Over the past few years, I’ve written quite a bit about the Whittier, CA-based post-punk/ punk rock quartet Plague Vendor. And as you may recall, the act which is comprised of Brandon Blaine (vocals), Luke Perine (drums), Michael Perez (bass) and Jay Rogers (guitar) released 2016’s Stuart Sikes-produced sophomore album Bloodsweat, which landed at number 2 on that year’s Best of List, thanks in part to frenetic and anthemic album singles “ISUA (I Stay Up Anyway)“, “Jezebel” and “No Bounty,” which were delivered with a blistering and forceful swagger. Two years passed before the band released two singles “I Only Speak in Fiction,” and “Locomotive,” which were recorded with Epitaph Records’ head and Bad Religion’s Brett Gurewitz and Morgan Stratton, which served to revitalize the band and restore their focus before joining acclaimed producer John Congleton for the By Night sessions.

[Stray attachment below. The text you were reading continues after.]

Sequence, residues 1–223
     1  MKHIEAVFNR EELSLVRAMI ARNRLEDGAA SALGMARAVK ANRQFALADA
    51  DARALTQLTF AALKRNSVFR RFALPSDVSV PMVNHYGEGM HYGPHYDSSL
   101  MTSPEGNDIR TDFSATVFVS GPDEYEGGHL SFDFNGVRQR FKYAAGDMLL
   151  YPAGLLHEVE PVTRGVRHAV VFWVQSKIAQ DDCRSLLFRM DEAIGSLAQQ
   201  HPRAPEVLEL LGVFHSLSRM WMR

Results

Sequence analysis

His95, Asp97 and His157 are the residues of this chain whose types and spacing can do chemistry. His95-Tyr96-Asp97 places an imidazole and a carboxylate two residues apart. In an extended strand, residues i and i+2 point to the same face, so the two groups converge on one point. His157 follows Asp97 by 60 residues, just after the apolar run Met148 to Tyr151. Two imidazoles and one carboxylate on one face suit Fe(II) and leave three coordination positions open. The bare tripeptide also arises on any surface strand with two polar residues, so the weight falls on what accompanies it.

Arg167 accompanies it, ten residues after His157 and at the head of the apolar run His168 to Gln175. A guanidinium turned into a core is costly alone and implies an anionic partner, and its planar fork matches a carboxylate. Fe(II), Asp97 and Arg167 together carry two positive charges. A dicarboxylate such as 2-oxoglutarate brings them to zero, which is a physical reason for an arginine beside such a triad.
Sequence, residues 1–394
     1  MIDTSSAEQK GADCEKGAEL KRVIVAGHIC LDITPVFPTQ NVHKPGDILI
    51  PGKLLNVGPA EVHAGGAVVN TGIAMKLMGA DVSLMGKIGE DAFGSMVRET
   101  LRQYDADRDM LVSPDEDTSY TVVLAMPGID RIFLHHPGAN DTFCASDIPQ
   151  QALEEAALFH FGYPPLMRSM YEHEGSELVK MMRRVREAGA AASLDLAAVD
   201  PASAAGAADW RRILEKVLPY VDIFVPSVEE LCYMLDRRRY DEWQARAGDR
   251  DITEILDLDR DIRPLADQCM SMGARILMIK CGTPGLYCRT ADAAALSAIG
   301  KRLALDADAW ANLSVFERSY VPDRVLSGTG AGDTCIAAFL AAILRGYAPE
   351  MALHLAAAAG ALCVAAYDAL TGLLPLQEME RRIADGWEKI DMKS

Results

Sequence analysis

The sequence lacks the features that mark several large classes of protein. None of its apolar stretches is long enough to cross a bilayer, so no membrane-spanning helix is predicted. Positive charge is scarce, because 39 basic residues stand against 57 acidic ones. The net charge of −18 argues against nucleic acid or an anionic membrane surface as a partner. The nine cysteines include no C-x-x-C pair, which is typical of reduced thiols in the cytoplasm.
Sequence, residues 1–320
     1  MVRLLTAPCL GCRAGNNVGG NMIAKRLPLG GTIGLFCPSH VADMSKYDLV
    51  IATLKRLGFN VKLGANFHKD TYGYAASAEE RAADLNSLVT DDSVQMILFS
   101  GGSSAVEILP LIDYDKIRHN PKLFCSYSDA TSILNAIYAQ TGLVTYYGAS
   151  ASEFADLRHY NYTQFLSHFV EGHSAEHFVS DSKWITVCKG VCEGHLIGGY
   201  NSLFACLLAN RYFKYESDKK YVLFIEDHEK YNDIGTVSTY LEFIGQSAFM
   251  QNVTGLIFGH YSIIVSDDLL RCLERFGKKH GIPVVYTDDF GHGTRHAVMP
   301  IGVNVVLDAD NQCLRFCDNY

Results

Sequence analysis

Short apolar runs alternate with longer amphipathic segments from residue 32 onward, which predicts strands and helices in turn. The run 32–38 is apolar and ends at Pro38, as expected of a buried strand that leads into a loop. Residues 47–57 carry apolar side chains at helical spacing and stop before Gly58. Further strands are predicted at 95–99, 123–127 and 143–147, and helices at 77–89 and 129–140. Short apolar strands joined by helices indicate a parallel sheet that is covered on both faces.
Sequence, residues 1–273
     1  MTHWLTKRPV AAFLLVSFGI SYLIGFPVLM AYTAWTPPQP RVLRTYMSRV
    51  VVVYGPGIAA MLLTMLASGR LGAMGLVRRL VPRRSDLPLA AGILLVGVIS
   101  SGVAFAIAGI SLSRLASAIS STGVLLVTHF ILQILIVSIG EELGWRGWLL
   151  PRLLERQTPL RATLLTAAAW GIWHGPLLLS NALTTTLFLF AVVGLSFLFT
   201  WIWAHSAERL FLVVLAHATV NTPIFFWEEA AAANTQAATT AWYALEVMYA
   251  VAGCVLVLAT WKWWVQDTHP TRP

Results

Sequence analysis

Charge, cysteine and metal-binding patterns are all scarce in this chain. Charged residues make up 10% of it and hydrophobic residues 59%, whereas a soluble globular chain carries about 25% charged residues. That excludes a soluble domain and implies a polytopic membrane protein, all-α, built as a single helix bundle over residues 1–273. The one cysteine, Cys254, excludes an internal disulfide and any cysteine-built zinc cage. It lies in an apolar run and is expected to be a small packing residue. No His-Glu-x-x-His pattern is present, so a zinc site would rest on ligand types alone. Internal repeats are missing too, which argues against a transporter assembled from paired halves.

Slated for a June 7, 2019 release through Epitaph Records, Plague Vendor’s third full-length album By Night reportedly finds the band stretching and warping their sound to evoke a merciless and unrelenting sense of tension and apprehension, seemingly evoking our current sociopolitical moment. “New Comedown,” the third album’s first single was an explosive roar, centered around a propulsive rhythm section, thunderous drumming, layers upon layers of power chords, a mosh pit friendly hook and Blaine’s howled vocals — and while bearing a resemblance to the singles recorded with Gurewitz and Stratton, the song reveals some of the most confident and self-assured songwriting and playing of their growing catalog. “All of the Above” the album’s second single was a shimmering yet brooding bit of post-punk centered around buzzsaw-like guitars, a shout-along worth hook and a motorik-like groove — and while bearing an uncanny resemblance to The Cars, the futuristic, sci-fi punk song captures a narrator, who has partied and fucked around to the point of losing what’s left of his sanity. The album’s third single “Let Me Get High/Low” was a serpentine take on stoner rock that possessed a similar swagger to “No Bounty.” Interestingly, the album’s fourth and latest single “Prism” is a tense, swaggering bruiser centered around angular guitar chords, breakbeat drumming inspired by Beck’s “Devil’s Haircut,” and an enormous, arena friendly hook — and while bearing a resemblance to the material off their sophomore album, the song possesses a slick, studio sheen.